5 Lessons to Learn From 'Where The Wild Things Are'

It's not just about the wild rumpus.

In 1963 author Maurice Sendak gave the world a different kind of children's bedtime story. "Where the Wild Things Are" not only celebrates the imagination of children, but teaches some very adult life lessons as well. Today, on what would have been Sendak's 87th birthday, we take a look back at the delightful story, and how it can improve our everyday lives.

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A good imagination can get you out of tough situations


"That very night in Max’s room a forest grew

and grew

and grew until his ceiling hung with vines

and the walls became the world all around."

Some days our lives may seem very mundane. We get up, go to work in a cubicle or office, get in the car or train, come home, eat dinner, and go to bed. But life doesn't always have to be so mundane. The go-getters and doers in society use their imaginations to make things better.

When Max was sent to his room without dinner, he dreamed up a vast imaginary jungle, making his punishment a lot better than it originally seemed.  

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Take chances

"Where the Wild Things Are"

"And an ocean tumbled by with a private boat for Max 

and he sailed off through night and day."

If Max hadn't gotten on that boat, he would never have met the wild things and discovered their imaginary land. There are plenty of times that boat, which may be a little uncertain on its destination, comes to us. And we have to make the choice on whether or not to see where it goes. Don't be afraid to take the opportunities that appear to you. You could find a greater outcome on the other side.

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Confidence counts

Warner Bros. Pictures

"And tamed with the magic trick

of staring into all their yellow eyes without blinking once

and they were frightened and called him the most wild thing of all

and made him king of all wild things."

Max could have been really afraid of the wild things. They appeared to be violent and scary. But when he showed them how brave he actually was, and that he wouldn't back down as hard as they tried to scare him, they respected him.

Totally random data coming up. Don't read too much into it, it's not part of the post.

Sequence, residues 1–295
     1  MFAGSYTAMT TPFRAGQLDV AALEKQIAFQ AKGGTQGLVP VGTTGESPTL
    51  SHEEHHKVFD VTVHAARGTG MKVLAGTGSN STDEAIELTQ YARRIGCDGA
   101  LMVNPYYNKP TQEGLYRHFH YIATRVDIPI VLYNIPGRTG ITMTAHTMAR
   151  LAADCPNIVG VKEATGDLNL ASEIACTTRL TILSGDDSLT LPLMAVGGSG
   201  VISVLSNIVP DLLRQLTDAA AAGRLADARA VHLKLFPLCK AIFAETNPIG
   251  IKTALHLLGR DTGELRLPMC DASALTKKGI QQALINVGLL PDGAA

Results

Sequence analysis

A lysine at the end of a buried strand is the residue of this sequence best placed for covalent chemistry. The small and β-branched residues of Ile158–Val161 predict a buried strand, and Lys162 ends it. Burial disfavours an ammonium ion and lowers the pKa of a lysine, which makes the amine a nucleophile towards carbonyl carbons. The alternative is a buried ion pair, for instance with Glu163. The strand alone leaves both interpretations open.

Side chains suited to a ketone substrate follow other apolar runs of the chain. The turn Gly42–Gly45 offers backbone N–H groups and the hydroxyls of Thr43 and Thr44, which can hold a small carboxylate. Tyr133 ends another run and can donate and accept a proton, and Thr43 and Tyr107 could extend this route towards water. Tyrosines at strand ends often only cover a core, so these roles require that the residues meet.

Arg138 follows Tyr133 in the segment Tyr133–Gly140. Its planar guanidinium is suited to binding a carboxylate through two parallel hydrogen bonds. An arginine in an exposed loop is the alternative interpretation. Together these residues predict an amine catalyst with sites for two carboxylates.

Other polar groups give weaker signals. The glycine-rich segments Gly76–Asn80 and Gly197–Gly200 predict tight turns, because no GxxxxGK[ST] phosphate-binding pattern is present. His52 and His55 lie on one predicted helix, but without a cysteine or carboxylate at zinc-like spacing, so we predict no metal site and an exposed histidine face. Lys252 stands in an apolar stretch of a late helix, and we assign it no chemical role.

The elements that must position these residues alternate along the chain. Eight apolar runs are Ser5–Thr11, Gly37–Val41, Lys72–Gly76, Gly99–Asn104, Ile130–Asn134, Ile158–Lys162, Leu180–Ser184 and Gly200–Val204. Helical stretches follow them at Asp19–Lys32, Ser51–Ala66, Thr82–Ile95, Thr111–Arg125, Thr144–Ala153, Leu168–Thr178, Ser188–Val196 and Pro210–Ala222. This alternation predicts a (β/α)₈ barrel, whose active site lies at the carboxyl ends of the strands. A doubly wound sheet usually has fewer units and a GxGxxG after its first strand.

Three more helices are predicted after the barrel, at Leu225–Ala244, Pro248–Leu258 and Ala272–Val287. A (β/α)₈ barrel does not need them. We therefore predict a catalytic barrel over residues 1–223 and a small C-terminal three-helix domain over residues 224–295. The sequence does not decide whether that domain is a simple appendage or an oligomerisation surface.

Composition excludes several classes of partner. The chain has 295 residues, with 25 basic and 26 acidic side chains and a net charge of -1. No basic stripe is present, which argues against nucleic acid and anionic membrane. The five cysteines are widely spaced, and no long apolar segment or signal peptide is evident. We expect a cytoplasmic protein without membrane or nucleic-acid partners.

Many times in life we deal with people that try to intimidate or belittle us. By approaching them with confidence, and showing them your best side, you can achieve anything.

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It’s the little things

"Where the Wild Things Are"

"Then all around from far away across the world

he smelled good things to eat

so he gave up being king of where the wild things are."

Sometimes you can experience fabulous things—cocktails on a rooftop in Manhattan, lounging poolside in the Bahamas, driving a Maserati, becoming a partner at your company—but a lot of times, it's the little things that really are the best. Getting a hug from your mom who lives far away, or laying in the hammock in your backyard, biting into a really good cheeseburger—sometimes these things trump all the so-called "great" things in life.

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You can always go home

Warner Bros.

"And Max the king of all wild things was lonely and wanted to be where someone loved him best of all."

Dorothy said, "There's no place like home," and for Max, this was also true. No matter where you go, no matter where you travel, no matter how hard your life gets, you can always go home. Home means different things to everyone, but it also means that you are going somewhere where you are welcomed with open arms.  

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Schuman, Nicole. "5 Lessons to Learn From 'Where The Wild Things Are'." ThoughtCo, Sep. 8, 2016, thoughtco.com/lessons-where-the-wild-things-are-3023419. Schuman, Nicole. (2016, September 8). 5 Lessons to Learn From 'Where The Wild Things Are'. Retrieved from https://www.thoughtco.com/lessons-where-the-wild-things-are-3023419 Schuman, Nicole. "5 Lessons to Learn From 'Where The Wild Things Are'." ThoughtCo. https://www.thoughtco.com/lessons-where-the-wild-things-are-3023419 (accessed December 11, 2017).